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Analysis of Hitler's Invasion of Crete

MG is a military specialist having spent quality time in the Indian Air Force. He is also an alumnus of the Defence Services Staff College.

analysis-of-hitlers-invasion-of-crete

Introduction

The battle of Crete is important as it brings to the fore the concept of airborne troops towards the success of a campaign. The invasion of Crete spearheaded by their paratroopers is well known and need not be recounted here. I will however discuss the strategic concept and its failure in the capture of Crete. It is a matter of surprise that Adolf Hitler who has shown some genius when he ordered the invasion of Norway in the teeth of the supremacy of the Royal Navy should have floundered so badly in the Mediterranean. In Norway, he had landed troops at five places against the advice of the General Staff and had won a facile victory. This touch seemed to have left him while planning the Mediterranean and North Africa campaign.

The Mediterranean has three important choke points. The first is Gibraltar which is an island on the tip of southern Spain and controls access to the Mediterranean. It is the most important strategic island as control of Gibraltar means control of the Mediterranean Sea. The second important point is Malta, another island midway between Italy and North Africa. This is an important point on the route from Gibraltar to the Suez Canal and also lies right on the route between Italy and North Africa. Its importance cannot be underrated. Crete would be in my opinion the third important point because it gives access from Europe to the Suez Canal in the Middle East but in terms of strategic importance, it ranks much lower than Gibraltar and Malta.

In 1941, when Hitler was planning the invasion of Russia to put into effect his dream of 'lebensraum' or living space for the German people, Benito Mussolini decided to do a Hitler and invaded Greece. The Italian Army was unable to beat the Greeks and suffered heavy casualties. Mussolini cut a sorry figure and the news of the debacle of the Italian army reached Hitler. In a meeting with the OKW, it was decided to help the Italians and at the same time, the general staff was able to convince Hitler that the island of Crete must be captured to give a springboard for the invasion of the Middle East.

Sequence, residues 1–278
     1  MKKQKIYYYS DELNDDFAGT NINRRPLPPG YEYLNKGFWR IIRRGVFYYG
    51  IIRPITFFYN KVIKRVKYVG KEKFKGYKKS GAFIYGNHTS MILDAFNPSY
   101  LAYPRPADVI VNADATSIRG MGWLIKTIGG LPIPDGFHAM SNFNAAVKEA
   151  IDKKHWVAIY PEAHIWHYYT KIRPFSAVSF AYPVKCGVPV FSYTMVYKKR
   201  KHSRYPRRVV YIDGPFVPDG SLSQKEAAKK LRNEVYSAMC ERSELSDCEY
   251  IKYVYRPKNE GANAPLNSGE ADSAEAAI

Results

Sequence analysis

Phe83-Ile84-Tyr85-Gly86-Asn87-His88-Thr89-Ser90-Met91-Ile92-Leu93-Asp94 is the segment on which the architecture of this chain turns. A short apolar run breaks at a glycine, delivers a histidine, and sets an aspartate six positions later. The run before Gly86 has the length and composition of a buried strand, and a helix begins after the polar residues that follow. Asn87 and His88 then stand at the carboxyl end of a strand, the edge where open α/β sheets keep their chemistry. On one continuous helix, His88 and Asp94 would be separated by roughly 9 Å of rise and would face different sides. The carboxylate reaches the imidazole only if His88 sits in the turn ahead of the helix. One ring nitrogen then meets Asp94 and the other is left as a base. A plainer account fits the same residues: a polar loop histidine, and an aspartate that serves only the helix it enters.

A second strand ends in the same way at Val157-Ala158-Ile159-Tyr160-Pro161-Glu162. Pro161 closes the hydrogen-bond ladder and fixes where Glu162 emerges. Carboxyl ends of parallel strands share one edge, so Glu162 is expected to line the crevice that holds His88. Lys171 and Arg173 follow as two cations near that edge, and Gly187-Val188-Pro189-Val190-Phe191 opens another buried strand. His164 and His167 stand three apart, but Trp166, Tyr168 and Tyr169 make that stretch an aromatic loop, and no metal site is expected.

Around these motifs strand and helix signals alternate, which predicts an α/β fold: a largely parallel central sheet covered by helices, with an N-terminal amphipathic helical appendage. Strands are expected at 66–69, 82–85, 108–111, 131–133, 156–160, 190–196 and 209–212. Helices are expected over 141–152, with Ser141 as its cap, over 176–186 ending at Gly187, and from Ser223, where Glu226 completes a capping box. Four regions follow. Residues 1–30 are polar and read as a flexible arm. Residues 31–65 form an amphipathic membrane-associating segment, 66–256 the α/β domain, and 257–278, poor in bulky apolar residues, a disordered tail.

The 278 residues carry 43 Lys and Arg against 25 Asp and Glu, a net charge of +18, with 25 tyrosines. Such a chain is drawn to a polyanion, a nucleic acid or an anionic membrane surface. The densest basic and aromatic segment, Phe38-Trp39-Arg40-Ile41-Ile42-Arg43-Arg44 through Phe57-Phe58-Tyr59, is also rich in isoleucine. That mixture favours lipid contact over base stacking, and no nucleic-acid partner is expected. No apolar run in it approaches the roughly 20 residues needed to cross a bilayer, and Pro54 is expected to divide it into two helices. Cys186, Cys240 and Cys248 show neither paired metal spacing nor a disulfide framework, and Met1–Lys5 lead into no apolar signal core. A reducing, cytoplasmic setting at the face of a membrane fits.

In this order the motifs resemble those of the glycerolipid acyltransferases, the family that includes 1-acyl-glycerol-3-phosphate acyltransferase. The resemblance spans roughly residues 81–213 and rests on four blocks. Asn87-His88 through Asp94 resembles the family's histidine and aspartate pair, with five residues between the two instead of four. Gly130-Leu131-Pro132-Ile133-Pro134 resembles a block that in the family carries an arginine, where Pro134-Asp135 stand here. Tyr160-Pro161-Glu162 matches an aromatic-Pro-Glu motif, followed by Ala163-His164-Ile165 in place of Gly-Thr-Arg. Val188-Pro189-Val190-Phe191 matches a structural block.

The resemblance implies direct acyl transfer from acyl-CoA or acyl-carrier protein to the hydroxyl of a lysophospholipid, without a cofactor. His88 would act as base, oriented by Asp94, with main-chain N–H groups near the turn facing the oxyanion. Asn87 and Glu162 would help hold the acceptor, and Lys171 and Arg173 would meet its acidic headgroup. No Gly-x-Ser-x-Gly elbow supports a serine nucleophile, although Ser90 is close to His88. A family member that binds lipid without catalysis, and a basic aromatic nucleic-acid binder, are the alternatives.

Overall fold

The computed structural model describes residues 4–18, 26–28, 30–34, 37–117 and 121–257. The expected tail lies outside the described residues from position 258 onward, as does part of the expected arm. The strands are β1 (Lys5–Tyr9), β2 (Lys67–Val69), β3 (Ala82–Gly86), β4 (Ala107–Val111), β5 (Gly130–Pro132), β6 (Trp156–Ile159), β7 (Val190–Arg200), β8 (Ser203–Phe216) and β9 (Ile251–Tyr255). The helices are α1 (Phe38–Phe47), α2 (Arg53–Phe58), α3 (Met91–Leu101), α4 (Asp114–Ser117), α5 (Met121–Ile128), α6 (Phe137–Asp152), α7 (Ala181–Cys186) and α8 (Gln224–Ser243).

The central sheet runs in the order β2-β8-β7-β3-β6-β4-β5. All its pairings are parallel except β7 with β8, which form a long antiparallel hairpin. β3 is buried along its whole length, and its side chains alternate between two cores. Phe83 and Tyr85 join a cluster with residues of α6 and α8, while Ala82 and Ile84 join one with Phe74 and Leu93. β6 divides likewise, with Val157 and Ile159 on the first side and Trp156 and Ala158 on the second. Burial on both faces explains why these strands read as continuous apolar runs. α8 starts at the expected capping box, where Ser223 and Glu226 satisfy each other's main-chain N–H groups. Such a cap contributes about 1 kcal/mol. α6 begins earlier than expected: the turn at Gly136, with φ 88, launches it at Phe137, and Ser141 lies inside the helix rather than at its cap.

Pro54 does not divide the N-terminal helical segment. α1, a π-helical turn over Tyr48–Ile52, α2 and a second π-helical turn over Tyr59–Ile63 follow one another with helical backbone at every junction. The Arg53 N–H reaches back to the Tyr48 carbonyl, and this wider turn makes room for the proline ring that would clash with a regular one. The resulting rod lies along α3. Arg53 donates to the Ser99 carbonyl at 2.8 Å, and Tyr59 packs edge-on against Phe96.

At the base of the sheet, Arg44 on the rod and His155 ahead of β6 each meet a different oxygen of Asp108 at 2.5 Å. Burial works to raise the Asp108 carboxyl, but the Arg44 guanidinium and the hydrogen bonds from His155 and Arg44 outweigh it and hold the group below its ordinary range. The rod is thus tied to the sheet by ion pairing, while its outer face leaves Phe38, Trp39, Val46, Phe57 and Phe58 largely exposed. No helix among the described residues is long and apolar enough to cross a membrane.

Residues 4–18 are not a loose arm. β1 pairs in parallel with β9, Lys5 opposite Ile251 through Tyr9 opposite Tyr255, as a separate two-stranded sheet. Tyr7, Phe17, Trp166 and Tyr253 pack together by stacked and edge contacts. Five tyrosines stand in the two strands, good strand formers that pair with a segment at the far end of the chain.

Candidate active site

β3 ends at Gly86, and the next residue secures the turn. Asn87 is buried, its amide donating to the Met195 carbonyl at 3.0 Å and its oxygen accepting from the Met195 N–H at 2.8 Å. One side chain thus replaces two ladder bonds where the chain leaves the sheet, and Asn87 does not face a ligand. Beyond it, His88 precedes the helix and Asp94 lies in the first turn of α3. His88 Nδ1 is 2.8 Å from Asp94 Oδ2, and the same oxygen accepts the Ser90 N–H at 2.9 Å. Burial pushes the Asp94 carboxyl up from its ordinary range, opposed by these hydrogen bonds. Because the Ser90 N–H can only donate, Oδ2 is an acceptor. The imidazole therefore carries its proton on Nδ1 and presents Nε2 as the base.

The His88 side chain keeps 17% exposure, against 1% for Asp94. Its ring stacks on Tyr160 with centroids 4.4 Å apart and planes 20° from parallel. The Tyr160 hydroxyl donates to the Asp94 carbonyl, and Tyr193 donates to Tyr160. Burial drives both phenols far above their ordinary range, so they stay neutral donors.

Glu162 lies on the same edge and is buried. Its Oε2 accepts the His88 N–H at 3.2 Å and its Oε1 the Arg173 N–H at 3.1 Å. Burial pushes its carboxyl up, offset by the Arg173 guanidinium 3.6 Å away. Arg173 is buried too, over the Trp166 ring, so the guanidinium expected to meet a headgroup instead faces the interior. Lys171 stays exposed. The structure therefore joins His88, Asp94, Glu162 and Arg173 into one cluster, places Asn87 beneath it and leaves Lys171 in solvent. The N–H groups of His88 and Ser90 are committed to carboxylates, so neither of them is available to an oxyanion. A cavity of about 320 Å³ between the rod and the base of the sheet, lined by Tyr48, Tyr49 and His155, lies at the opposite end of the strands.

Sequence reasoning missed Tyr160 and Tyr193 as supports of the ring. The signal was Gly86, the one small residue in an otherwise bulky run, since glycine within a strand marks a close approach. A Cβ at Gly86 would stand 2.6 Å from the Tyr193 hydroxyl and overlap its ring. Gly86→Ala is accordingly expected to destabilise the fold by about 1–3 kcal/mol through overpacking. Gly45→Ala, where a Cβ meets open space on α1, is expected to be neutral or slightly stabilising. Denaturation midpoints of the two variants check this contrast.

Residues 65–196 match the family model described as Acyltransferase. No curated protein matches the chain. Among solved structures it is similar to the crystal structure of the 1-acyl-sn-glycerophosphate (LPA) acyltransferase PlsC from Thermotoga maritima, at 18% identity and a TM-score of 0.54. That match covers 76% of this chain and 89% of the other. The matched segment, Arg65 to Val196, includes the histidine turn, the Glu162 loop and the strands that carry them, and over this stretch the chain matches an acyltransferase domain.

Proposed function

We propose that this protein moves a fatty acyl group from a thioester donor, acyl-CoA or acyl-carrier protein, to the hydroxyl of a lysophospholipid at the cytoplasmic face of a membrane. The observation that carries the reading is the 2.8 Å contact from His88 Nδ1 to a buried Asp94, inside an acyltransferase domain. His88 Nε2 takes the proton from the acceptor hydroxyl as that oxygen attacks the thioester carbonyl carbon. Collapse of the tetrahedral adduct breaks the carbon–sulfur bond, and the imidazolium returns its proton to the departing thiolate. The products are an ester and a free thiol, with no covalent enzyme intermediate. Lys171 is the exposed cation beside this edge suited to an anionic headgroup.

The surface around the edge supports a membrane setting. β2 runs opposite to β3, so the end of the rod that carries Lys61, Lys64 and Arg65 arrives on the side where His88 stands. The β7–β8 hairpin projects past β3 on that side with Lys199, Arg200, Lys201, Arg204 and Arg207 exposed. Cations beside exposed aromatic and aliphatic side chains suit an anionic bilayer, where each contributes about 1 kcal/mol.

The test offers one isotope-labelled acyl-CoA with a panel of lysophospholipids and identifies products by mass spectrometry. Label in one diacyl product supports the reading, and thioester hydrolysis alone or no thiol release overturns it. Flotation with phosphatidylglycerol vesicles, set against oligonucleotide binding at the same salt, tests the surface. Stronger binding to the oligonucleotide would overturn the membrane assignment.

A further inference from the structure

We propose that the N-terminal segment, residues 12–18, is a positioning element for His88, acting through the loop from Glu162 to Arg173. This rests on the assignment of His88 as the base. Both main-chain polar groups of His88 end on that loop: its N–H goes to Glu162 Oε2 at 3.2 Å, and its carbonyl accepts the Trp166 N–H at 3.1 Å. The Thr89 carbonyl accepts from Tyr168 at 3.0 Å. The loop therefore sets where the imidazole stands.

The Wehrmacht swiftly overran Greece and plans were made for the invasion of Crete.


analysis-of-hitlers-invasion-of-crete
analysis-of-hitlers-invasion-of-crete

Strategic blunder

Crete is an island in the eastern Mediterranean and no doubt is an excellent springboard for the invasion of the Middle East and Suez Canal. It is however surprising that the general staff never thought or advised Adolf Hitler about the importance of capturing Gibraltar and Malta. All the resources which had been used for the capture of Crete had they been used for the capture of Gibraltar and later Malta the course of the Second World War would have been different.

As is well known the Fallschirmjager brigade that landed in Crete suffered heavy casualties and the battle would have been lost but for a last-minute intervention and guidance by General Student. The heavy casualties suffered by the Fallschirmjager deterred Hitler from making any further similar invasions.

The general staff is guilty of not having any strategic sense. Perhaps they were so focused on planning the Russian invasion that they failed to gauge the importance of Gibraltar and Malta. It was well known that the North African campaign of the Italians was a failure and they had been given a thrashing by the British army under Wavell and thousands had been taken POW. Germany would have to intervene but in case they were to be a success, the general staff should have realized that the capture of Gibraltar and the island of Malta was of vital importance. Yet nobody in the General staff had any comprehension of the importance of Gibraltar and Malta.

In 1940, after the battle of France, capturing Gibraltar would have been a cakewalk. General Franco was economically weak and the para-brigades which were used to capture Crete could have been used to capture Gibraltar. Even if there were heavy casualties the capture of Gibraltar would have sealed the Mediterranean to the British navy. The narrow strait of Gibraltar is the mouth to the Mediterranean Sea and if the Wehrmacht had taken Gibraltar they would have choked the Royal Navy completely. It is a surprise to military historians that Hitler and more important the OKW did not have any strategic sense to capture Gibraltar. After 1941 the momentum was lost and there was no chance of capturing Gibraltar after that.

Once Rommel had commenced his campaign in North Africa the importance of sealing Gibraltar and the capture of Malta was of paramount importance. The island of Malta was like a thorn in the supply lines of the Axis powers to North Africa and yet though a plan for its invasion was worked out it was never carried through because somehow Hitler had lost all enthusiasm for para invasion after Greece. He also had very little confidence in the Italian army which was supposed to make the assault on the beachfront.